Excerpted from Majorie Kelly:
“Dominant ownership designs of today are built around profit maximization, central to that imperative is the need to grow. As Herman Daly and others have so eloquently articulated, the growth imperative threatens the living system of the Earth. When we take apart the system to see where this imperative resides, we find that what keeps it in overdrive are the demands of Wall Street for ever-higher profits and stock price. Corporations, and the capital markets where their ownership shares trade, are the internal combustion engine of the capitalist economy. They are where it hits the ground and goes. And where it spins out of control. As Fritjof Capra put it, “It’s an alarming thought that organizational systems are now the main driving force of ecological systems.”
In the short run, profit-maximizing companies can help in a rapid transition to an ecologically cleaner economy. But in the somewhat longer run, that transition might represent a brief moment in time. If human civilization and planetary ecosystems are still functioning well 50 years from now (not a small if), what about the next 50 years? And the next 100 or 200 or 1,000 years beyond that? What kind of economy will be suited for ongoing life inside the living earth? Will it be an economy dominated by massive corporations intent solely on earnings growth? That doesn’t seem likely. When you take the long view, the question turns itself about:
Can we sustain a low-growth or no-growth economy indefinitely without changing dominant ownership designs?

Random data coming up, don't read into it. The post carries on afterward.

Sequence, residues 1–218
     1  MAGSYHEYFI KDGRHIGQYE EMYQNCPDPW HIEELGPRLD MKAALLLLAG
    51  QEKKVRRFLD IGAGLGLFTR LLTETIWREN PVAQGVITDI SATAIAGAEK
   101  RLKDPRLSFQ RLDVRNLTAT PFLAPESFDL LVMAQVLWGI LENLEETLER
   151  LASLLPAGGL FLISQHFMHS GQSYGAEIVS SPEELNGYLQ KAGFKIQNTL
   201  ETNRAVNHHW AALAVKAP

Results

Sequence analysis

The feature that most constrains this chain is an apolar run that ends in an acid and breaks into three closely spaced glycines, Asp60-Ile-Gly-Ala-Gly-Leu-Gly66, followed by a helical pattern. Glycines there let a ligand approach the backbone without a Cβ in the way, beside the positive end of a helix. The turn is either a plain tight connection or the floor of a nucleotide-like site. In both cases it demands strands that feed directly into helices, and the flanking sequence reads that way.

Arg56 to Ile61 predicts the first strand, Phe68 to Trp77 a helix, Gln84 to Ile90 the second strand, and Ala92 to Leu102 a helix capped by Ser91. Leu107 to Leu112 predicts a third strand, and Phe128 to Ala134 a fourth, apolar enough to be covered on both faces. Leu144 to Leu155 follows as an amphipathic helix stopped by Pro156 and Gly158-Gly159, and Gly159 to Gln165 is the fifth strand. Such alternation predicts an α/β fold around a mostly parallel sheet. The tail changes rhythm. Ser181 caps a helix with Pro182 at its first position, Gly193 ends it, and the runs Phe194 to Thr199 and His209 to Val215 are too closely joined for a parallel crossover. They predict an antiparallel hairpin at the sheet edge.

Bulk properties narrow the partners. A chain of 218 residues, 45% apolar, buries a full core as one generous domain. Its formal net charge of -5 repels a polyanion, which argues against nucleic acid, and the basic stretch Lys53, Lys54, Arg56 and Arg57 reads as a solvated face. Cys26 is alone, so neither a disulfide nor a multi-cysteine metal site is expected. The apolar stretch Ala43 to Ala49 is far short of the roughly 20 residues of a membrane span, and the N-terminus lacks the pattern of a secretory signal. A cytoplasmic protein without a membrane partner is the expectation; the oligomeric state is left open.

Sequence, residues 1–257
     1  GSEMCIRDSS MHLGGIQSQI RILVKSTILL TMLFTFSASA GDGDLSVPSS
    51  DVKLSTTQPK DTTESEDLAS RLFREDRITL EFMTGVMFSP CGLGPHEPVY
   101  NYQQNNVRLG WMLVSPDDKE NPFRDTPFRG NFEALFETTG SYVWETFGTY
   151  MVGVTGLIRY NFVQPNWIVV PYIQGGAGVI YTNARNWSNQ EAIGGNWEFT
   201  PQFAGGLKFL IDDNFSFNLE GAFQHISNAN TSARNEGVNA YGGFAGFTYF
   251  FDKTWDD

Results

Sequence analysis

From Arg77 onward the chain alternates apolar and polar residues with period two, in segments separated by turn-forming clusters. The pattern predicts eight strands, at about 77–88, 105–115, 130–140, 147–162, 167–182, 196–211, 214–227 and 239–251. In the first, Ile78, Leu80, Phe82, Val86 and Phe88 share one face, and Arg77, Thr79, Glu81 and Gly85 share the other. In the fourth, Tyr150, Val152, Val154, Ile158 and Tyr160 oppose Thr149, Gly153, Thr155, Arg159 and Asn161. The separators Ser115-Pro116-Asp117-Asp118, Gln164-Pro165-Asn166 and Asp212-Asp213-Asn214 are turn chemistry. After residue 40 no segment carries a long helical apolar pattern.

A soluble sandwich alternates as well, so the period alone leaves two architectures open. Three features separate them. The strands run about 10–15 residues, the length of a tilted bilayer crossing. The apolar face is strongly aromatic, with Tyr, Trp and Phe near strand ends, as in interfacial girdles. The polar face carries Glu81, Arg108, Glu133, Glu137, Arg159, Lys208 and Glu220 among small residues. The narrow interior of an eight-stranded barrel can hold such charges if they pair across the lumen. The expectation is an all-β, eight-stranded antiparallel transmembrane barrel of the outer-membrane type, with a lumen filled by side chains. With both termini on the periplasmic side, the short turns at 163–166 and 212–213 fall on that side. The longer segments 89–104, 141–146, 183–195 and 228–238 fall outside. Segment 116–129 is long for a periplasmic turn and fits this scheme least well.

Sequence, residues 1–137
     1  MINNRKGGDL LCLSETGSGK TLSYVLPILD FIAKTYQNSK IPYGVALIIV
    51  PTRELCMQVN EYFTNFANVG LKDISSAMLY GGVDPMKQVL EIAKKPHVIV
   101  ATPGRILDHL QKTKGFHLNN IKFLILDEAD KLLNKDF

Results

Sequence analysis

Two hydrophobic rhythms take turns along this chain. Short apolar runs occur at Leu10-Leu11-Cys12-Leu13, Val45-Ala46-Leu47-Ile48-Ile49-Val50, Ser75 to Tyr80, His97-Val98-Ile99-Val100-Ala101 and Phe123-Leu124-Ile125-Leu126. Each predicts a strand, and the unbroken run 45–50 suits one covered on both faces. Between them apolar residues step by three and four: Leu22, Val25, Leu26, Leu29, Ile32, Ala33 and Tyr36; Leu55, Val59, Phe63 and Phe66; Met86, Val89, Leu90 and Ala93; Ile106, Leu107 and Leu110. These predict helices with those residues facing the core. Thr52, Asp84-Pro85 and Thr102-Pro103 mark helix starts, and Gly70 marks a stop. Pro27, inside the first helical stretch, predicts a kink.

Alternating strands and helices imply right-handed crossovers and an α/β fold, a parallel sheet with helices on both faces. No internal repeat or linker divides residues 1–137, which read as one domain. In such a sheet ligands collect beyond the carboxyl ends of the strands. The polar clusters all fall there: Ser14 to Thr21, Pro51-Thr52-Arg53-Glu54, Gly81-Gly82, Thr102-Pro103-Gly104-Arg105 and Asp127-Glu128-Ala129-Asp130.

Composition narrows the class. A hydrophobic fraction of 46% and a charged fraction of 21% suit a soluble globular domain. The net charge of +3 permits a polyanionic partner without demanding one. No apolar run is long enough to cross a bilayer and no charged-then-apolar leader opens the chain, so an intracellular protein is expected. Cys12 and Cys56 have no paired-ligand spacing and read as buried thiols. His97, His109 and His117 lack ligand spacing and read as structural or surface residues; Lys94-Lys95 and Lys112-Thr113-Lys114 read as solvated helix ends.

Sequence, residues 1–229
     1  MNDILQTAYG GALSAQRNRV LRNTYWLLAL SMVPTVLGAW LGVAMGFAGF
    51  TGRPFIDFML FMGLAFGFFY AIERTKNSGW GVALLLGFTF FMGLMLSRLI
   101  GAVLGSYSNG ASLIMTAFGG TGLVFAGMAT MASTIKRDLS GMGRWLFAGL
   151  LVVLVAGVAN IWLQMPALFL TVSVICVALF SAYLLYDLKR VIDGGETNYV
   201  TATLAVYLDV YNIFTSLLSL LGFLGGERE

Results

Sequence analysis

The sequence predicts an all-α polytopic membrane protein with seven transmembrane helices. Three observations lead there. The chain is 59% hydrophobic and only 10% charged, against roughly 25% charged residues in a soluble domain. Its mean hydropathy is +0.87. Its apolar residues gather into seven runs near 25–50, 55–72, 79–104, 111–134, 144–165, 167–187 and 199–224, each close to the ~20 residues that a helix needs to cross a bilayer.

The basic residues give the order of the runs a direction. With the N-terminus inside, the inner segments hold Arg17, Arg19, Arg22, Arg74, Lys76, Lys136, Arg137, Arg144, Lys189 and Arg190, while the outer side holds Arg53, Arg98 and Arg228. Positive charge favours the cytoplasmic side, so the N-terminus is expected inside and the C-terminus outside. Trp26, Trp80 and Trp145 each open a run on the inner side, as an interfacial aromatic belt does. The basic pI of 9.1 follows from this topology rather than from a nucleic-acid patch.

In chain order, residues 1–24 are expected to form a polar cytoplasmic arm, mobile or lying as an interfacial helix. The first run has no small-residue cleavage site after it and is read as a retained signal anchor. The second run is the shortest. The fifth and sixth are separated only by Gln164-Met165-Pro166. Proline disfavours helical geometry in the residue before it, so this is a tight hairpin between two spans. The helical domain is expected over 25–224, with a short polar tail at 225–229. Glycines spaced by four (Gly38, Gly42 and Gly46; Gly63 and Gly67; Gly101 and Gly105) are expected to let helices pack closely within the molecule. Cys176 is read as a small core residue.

That seems unlikely. Probably impossible. How, then, do we make the turn? How can we design economic architectures that are self-organized not around profit maximization, but around serving the needs of life?
After my sojourn in England, this question set me on a journey in search of answers. I had seen, over many years, how extractive design – the quest for endless extraction of more and more financial wealth – was at the root of many of our ills. I began a quest to find alternative designs. And I was heartened to find they were everywhere, emerging in largely unsung, disconnected experiments all over the world.
I visited wind farms in Denmark that had been started and owned by wind guilds, groups of small investors who joined together to fund and own wind installations, with no corporate middleman. Denmark now generates one-fifth of its electric power from wind, more than any other nation. And this success is widely credited to the grassroots movement of the wind guilds. It’s an ecological success story made possible by the community-rooted ownership designs behind it.
I studied the community forests of Mexico, where the rights to govern and profit from the forest have often been granted to local communities, many of them indigenous tribal peoples – like the Zapotec Indians of Ixtlan de Juarez in southern Mexico. At Ixtlan, the problems that bedeviled other forests in Mexico, like deforestation and illegal logging, have become relatively unknown. The reason is community members have incentive to be stewards, because forest enterprises employ 300 people harvesting timber, making furniture, and caring for the forest. These are living forests, communities of trees and humans, where the purpose is to live well together. Worldwide, more than a quarter of forests in developing nations are managed by local communities. In Mexico, community forests represent more than 60 percent of all forests. Yet they remain virtually unknown, even in Mexico.
On Martha’s Vineyard, off the coast of Massachusetts, I visited South Mountain Company, an employee-owned design and build firm specializing in sustainable construction, which has made a deliberate choice to slow down its growth. It was the first example I’d seen of a consciously post-growth company. As its president John Abrams had written, this company was “challenging the false gospel of unchecked growth.” After the crash of 2008, it had in fact opted to shrink – and to do so in the most humane way possible. Its ability to make that choice arose directly from the fact that the company was owned and controlled not by absentee owners, but by its own employees.